[I’m two months behind on writing my posts. I’ll try to catch up.]
After moving to our new house in January, a welter of business necessities occupied me for most of two months. Immigration paperwork, opening a bank account, getting internet service—all have bureaucratic requirements that interlock like a Chinese puzzle, sending me back and forth to various offices. All this travel (or for that matter, even grocery shopping) was too exhausting on a motorbike, so I bought a car—another few rounds of paperwork. The capstone of all this has finally been put in place with a visa that can be renewed perpetually, and a Thai driver’s license.
But before the mundane tasks, the highest priority was to make our home a sacred refuge. The concept is not new to me, of course; I’ve been putting sacred altars in my home, and doing house blessings, for many years. But Thailand has its own way of doing this. Every home or business must have a “spirit house” outside.
Here is an article with lots of background on this practice (although, after discussing some of its points with Esso, I find there are differences of opinion, as well as differences in regional practice)
There is already a san phra phum in the corner under the mango tree in front of the house, when we are moving in. But I see that it is in poor condition (perhaps disregarded by a previous tenant) and immediately suggested that, instead of trying to rehabilitate it, we start from scratch. Esso enthusiastically agrees. We go shopping for the new one…
San phra phum shops are not hard to find; the goods are made cheaply of a concrete-like composite, and painted in many colors. (Traditional, hand-made wooden spirit houses, however, are scarce). Most are small, like the one we found, or you can go for the monumental. We settle on one a bit larger than the previous one—Esso wants a larger space on the platform for ceremonial offerings, and I’m just accustomed to thinking larger scale.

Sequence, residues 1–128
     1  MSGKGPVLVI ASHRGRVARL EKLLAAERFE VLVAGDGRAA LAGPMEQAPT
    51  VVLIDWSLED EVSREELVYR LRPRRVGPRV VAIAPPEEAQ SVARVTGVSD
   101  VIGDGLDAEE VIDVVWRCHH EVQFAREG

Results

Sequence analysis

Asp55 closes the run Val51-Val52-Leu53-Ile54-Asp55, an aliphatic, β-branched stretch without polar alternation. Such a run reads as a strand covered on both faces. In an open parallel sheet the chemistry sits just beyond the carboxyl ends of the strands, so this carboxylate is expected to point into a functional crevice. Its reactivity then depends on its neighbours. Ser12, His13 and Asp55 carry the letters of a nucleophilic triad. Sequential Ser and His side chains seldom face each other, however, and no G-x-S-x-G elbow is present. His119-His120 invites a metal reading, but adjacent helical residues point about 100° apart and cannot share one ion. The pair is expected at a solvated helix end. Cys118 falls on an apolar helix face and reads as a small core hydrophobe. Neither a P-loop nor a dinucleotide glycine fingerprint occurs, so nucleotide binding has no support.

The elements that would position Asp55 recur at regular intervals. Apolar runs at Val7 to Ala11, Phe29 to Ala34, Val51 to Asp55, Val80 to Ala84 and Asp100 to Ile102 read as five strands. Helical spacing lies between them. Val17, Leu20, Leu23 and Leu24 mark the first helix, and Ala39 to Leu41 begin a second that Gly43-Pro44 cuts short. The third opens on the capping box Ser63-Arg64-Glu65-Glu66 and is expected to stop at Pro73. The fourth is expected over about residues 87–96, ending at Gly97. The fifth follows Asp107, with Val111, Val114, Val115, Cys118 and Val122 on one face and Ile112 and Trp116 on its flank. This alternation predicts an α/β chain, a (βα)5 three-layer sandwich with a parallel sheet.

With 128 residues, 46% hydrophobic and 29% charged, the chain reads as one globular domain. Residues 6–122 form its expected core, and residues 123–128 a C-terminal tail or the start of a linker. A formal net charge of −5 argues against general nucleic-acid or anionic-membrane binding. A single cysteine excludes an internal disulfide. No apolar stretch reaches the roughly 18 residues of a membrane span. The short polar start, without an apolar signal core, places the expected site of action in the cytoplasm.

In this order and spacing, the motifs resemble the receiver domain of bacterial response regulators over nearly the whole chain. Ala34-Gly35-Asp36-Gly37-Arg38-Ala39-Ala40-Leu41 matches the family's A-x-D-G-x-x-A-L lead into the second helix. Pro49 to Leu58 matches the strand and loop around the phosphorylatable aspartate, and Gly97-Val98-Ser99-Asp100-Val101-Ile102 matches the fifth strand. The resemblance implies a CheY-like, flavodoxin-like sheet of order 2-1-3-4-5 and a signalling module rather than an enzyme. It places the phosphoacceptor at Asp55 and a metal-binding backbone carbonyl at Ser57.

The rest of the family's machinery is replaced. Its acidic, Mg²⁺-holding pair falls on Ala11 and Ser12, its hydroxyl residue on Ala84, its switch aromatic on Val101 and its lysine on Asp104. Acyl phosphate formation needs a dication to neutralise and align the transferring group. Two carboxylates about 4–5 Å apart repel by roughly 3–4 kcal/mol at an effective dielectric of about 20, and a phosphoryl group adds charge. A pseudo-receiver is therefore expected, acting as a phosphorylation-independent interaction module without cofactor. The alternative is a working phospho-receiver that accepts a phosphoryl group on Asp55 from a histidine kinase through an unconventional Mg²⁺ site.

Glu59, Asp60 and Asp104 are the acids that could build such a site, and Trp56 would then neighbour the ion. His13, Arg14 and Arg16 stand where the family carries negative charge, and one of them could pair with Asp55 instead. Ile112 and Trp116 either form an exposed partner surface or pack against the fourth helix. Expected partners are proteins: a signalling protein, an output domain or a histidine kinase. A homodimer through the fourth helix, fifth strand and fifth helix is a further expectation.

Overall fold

Once the house is installed, we come to the question of its occupants. I would have left it open for invisible spirits, but the old one has a weird collection of ceramic figurines: people and animals. Esso insists that we need the people, to represent the harmonious family we intend to be. Even children? Well, okay, if you insist.
But I draw the line at the animals. Cow, pig, chicken—these are good for a farm, but we don’t have a farm. And, they are domesticated animals—slaves, in effect. Not the sort of spirits I want to invite. I say, let the animal spirits come to us freely, we do not compel them. And we set the old animal figurines aside. (The photo at the top shows the new house with the human figures, including two dancers. I support dancers, human or spirit!)
In the next few days, after blessing the new house, many birds come to the yard. A cat shows up, and sits watching the san phra phum for a time. And then, Esso sees a snake crossing our little garden—a green viper, she fears, but probably a harmless Golden Tree Snake—and climbing the mango tree. So it’s settled. We go out and find figurines of bird, cat, snake, and put them in our little house. We haven’t seen the cat or the snake since, but the birds have come to nest in our roof-garden, where we welcome them.